Tuesday Runaround – From Grindhouse To Pittsburgh Zines

Grindhouse01_0405-2GRINDING DOWNTOWN

Alex De Campi is signing her Grindhouse #1: Doors Open At Midnight at Midtown Comics Downtown on Thursday. Doors open at 6.30pm.


A thank you letter from retailer Dennis Barger to DC Comics;

The best part was when you Dan announced at Boston that there would be allocations before FOC was due. But my favorite time you helped me out was by announcing "The Allocation" totals 5 minutes before you closed on a Friday and that we had to put a strategy in place by Monday to place 2D orders to make up for your failures in production or ordering.


The difficulties of putting Alison Bechdel's Fun Home – or indeed any comic book – on the stage;

What vexed Ms. Tesori was that she had no experience adapting a graphic novel for the stage. Musicals, even challenging ones, demand structural simplicity and a linear story line, whereas the graphic novel lays out a series of cells containing illustrated moments, often with captions and bubbled dialogue, that can jump time and setting from cell to cell.


Jonathan Letham also has something to say on the form.

There's something about the milieu and the form and the tone and even the reading protocols of comics. They screw you up: you have to figure out this new way of inserting yourself in the space between these panels and drawings and word balloons. Where is the meaning in that space? Everything about those comic books is undermining — not to mention what you called the griminess. Though we should be careful about too much fetishizing of griminess; there's lots that's grimy and it's boring.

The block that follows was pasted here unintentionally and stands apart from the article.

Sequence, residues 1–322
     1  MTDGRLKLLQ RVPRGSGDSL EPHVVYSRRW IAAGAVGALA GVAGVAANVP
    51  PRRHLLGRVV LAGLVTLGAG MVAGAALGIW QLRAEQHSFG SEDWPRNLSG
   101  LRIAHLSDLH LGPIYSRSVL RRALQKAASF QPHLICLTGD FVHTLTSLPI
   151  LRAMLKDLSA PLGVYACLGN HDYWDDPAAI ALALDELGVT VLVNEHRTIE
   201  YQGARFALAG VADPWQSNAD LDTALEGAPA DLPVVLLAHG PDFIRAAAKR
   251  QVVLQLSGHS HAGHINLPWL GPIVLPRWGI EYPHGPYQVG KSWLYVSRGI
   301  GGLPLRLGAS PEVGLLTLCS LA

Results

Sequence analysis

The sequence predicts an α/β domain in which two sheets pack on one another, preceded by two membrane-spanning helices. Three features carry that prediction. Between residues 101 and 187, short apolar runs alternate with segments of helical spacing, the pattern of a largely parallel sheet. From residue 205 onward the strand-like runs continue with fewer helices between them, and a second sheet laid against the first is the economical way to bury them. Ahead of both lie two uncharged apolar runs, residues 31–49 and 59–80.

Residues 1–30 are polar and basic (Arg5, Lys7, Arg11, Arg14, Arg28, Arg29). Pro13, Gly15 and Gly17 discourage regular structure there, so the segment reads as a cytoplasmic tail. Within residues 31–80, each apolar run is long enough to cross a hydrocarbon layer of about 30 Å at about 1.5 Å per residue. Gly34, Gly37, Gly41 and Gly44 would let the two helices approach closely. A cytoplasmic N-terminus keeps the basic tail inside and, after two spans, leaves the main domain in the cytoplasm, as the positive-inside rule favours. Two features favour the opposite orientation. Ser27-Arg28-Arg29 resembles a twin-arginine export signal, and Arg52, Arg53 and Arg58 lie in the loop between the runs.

But yeah, comic books are an eruption. They contain irrational pressure on the status quo. They seem to be begging you to see things differently. They're uncomfortable. Where they came from is bizarre; where they're going is bizarre.


While Joe Quesada goes back to basics;

Comics is a very unique beast. Going from zero to 60 with respect to crossovers and continuity, while great for the long time loyalist, is the best way to alienate the larger world out there who needs to be weaned into the universe just like our long time fans were when they first started. Stan Lee once said that every comic is someone's first. We now have to take that philosophy and apply it to everything we do, regardless of whether it's paper or film.


For the tenth anniversary of the book's conclusion, there's a book group reading the entirety of Cerebus. Digitally.


DC Comics tweets a big reveal for the 1st of October:


Dre Grigoropol goes to the Pittsburgh Zine Fair.

At the table next to Maggie Negrete, artist Steph Neary was exhibiting her work in different mediums, including her book This Is the Next Morning, a perfect-bound collection of black and white drawings she drew in Pittsburgh over a two-year span. She enjoyed the positive responses from the Pittsburgh community and is inspired by the works of art, zines, and commix she collected together at the zine fair.


While an old Captain America #402 from May '92, reveals a little latent misogyny…


Send in your own suggestions for future Runarounds…

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About Rich Johnston

Founder of Bleeding Cool. The longest-serving digital news reporter in the world, since 1992. Author of The Flying Friar, Holed Up, The Avengefuls, Doctor Who: Room With A Deja Vu, The Many Murders Of Miss Cranbourne, Chase Variant. Lives in South-West London, works from Blacks on Dean Street, shops at Piranha Comics. Father of two. Political cartoonist.
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